December 3, 2009
All day I have been providing multi-stream, multi-friend, media consultant commentary regarding the Tiger Woods’ School of Driving. As Water Cooler Chatter this has got to be one of the biggest stories of the year. Does anybody remember last week’s big story – Sara Palin’s self-fictionalization, or even what looked to be this week’s story – the White House party crashers?
Let’s set aside the speculation over what he was doing and with who. These are digressions from our lesson in media and crisis communications. The Orlando Sentinel, a real newspaper that remarkably still employs reporters, has followed the story extensively and this is where most of the info is coming from.
Nov. 27, 2009: The day of the crash many stories emphasized the “heroics” of his wife, Elin Nordegren, for bashing a window to “rescue” Tiger from the vehicle. The vehicle wasn’t burning. The crash was the result of an odd, meandering, low-speed drive. But, hey, everybody is called heroic these days. I thought it was just hype, but now it looks more like it could have been an intentional distraction.
Fast forward to today and Tiger’s infidelity apology, which answers one question, but doesn’t answer many others. Have a look at the news photos:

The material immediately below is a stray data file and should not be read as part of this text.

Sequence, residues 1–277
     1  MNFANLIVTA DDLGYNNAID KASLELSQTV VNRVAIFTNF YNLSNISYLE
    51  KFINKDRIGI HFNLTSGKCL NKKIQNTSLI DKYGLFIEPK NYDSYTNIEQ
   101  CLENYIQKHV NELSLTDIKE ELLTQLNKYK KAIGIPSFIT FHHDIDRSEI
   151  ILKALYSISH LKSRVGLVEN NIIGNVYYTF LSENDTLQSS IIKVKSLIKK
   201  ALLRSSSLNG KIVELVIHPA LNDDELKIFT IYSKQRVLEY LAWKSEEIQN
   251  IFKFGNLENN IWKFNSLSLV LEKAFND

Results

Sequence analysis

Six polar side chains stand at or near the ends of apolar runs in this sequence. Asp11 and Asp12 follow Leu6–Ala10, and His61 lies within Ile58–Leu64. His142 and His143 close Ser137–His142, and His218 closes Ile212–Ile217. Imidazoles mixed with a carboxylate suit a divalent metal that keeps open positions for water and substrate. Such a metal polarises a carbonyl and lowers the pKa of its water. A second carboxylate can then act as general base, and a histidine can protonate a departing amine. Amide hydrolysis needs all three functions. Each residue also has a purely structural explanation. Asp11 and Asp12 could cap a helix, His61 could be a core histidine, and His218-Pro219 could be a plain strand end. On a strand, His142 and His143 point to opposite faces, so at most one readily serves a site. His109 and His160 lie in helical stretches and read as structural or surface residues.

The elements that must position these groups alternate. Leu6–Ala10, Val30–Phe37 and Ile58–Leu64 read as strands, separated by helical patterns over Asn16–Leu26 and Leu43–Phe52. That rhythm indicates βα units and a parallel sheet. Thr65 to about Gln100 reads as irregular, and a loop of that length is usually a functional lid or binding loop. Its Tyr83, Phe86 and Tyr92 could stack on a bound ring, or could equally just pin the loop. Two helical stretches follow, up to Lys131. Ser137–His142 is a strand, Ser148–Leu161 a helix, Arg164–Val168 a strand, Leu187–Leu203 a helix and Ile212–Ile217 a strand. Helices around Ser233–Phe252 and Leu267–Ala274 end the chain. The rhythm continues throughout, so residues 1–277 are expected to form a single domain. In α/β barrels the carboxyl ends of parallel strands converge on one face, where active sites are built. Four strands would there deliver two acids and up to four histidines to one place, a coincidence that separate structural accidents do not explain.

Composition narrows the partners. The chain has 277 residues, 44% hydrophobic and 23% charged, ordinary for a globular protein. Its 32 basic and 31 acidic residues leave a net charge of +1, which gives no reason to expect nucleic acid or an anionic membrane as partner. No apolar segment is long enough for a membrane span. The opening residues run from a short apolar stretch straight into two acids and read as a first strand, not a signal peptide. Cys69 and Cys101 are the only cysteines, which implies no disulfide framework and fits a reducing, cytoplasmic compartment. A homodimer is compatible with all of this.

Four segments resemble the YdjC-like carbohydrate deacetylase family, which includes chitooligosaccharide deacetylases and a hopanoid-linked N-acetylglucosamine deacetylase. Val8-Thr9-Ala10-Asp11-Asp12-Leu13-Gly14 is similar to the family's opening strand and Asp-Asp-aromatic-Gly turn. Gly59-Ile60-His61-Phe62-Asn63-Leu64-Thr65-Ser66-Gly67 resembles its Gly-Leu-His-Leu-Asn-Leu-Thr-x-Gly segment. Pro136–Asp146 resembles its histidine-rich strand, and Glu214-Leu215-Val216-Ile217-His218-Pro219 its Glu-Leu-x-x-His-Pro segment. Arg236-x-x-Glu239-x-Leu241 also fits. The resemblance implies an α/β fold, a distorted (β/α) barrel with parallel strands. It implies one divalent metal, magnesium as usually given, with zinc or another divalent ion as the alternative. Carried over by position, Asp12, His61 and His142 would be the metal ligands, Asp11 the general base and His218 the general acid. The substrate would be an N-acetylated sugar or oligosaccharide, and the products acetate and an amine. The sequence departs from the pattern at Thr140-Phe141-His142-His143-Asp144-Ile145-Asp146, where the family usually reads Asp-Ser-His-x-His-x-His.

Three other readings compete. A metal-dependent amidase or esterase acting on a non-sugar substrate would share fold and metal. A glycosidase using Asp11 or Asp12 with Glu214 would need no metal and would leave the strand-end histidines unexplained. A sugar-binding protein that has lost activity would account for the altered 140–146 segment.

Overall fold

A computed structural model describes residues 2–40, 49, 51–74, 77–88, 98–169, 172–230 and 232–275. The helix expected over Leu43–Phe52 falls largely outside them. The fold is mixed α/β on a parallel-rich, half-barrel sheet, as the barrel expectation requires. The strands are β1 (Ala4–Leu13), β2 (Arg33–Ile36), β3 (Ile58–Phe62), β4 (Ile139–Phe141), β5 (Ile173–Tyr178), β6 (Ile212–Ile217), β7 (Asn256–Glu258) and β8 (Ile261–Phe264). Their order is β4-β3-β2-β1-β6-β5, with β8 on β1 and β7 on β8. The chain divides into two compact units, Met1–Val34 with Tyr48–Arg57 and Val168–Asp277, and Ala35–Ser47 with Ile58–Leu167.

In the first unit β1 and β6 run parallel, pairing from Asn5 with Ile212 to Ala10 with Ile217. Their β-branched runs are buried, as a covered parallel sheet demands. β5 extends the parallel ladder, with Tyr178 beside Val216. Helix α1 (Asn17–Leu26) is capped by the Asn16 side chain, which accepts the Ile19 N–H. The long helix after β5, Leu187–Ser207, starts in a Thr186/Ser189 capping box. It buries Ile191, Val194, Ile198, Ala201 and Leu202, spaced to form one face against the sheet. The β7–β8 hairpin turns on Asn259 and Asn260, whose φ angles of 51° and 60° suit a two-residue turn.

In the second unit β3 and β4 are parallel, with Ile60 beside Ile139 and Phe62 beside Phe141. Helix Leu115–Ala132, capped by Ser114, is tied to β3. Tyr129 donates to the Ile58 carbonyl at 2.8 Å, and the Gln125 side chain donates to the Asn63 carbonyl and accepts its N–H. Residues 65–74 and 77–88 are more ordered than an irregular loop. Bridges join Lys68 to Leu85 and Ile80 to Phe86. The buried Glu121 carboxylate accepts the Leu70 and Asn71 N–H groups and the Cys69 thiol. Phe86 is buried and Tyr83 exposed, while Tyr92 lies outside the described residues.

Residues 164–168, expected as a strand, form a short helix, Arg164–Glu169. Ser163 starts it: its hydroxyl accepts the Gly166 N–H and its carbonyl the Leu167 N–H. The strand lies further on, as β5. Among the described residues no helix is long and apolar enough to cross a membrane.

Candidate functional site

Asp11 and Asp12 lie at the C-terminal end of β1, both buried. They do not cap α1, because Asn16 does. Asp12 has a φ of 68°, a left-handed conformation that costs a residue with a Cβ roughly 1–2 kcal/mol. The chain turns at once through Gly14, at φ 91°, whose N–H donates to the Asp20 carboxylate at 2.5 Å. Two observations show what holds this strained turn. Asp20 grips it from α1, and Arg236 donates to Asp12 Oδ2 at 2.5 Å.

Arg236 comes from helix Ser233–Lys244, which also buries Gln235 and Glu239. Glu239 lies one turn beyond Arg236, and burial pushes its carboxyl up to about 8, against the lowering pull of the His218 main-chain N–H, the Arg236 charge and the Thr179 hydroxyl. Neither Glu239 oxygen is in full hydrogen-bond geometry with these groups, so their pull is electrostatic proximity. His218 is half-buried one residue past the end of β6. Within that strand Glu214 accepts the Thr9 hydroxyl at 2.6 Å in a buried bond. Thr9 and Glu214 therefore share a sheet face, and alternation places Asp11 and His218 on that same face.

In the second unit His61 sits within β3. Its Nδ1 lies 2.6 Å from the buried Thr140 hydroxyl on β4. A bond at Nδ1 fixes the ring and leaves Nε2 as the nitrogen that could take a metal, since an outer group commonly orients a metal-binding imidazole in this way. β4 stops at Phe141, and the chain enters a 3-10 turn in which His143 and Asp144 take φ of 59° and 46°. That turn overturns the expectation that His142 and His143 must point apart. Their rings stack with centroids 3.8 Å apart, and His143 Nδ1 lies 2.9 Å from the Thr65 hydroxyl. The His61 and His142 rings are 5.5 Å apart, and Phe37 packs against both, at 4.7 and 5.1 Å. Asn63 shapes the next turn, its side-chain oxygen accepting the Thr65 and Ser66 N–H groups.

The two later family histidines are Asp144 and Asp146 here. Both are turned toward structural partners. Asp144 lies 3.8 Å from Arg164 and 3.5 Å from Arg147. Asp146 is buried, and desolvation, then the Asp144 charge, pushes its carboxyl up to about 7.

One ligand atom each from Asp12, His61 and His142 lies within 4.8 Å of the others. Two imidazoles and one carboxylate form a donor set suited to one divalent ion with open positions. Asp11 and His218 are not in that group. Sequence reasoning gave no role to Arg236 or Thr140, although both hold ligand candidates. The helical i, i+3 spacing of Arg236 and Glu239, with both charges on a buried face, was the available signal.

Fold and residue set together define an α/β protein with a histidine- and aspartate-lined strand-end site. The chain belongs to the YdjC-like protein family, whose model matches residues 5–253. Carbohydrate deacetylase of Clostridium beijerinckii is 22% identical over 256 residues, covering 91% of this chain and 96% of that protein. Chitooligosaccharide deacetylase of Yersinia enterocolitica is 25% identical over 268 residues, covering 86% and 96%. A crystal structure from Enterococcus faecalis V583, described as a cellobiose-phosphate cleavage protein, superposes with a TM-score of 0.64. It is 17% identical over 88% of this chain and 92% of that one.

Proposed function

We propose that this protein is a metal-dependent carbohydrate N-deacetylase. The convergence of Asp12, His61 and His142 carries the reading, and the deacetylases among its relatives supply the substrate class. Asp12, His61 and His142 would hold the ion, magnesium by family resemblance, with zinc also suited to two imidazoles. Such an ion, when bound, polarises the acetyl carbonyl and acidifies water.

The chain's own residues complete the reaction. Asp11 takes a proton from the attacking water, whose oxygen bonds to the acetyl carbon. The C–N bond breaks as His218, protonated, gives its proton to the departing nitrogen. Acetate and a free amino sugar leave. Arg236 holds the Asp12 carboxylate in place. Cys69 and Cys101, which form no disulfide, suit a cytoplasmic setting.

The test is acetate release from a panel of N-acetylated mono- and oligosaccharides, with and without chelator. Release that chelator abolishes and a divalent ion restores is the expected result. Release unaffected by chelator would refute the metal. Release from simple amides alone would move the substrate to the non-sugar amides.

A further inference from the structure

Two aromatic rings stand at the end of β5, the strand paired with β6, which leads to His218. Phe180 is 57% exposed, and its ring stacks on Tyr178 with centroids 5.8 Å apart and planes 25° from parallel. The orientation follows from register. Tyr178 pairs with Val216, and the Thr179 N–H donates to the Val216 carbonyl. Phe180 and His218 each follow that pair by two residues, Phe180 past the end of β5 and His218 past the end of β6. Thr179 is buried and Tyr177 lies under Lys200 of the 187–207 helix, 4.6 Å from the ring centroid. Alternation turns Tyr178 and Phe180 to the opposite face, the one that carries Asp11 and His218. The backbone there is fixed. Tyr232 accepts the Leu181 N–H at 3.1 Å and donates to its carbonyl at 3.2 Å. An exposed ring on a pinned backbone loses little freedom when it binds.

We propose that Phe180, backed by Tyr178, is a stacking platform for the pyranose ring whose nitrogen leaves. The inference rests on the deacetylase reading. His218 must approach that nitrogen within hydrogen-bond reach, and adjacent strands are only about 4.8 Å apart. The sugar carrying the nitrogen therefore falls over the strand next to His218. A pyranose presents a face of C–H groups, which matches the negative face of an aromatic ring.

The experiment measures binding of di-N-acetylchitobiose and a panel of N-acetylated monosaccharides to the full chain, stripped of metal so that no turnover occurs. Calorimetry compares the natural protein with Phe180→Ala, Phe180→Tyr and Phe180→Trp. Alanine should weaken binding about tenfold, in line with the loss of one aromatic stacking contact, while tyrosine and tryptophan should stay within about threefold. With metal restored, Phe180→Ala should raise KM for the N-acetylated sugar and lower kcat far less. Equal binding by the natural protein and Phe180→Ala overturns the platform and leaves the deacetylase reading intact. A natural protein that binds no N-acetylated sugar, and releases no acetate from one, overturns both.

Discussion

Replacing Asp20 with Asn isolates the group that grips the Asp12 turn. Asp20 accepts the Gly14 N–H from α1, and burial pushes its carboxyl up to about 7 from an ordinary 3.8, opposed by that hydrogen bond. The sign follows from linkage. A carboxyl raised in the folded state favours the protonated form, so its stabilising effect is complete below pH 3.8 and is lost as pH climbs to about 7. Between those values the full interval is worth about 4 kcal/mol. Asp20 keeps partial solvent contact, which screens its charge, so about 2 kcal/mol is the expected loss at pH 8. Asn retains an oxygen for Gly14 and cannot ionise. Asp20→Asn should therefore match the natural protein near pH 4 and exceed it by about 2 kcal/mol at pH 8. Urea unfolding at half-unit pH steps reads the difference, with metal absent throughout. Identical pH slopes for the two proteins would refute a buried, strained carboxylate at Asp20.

- No damage to the front windshield – so how did our driver, who wasn’t wearing a seatbelt, get cut and knocked out?
- Why did his wife break not one, but two rear seat windows, when Tiger was sitting in the driver’s seat – left front?
- Wouldn’t she first try the door, which appears undamaged, and then break one of the front windows?
- Which leads us back to Tiger’s facial cuts – if not from the windshield and not from the rear windows, from where?
Look at the photos of the house and driveway, and the map showing the path of Tiger’s Cadillac Escalade. At 30 mph, he slowly drove through hedges, over a curb, then a fire hydrant, and into a tree. This is not the path of a man going out for a drive, nor even the path of a really bad driver. This is the path of a driver who should not be anywhere near a car. Cops say alcohol wasn’t a factor, so what was a factor? Fear? If so, wouldn’t he drive a lot faster? Or was he semi-conscious from being hit in the head with a golf club?
According to the cops he was out for six minutes after he hit the tree. Looking at the map, we should be grateful that it was 2:30 a.m. otherwise there may have been pedestrians or cars in the Escalade’s path.
Making up a story makes your scandal more interesting, not less. What Tiger should have done was come straight with the story. That’s easier said than done, of course. When you have a scandal, the best thing you can do is tell your side of the story as accurately as you can. Making something up, as we have seen, is throwing blood in the water. The piranhas will come and leave only bones.
Tiger’s first statement should have been similar to this: “I had an accident after a serious argument with my wife. We are now sorting things out through counseling. In these kinds of situations the need for privacy is crucial….” This would have calmed the media monster, for a little while. However, he didn’t want to do that for two reasons – to hide his infidelity and protect his wife from suspicion of domestic abuse.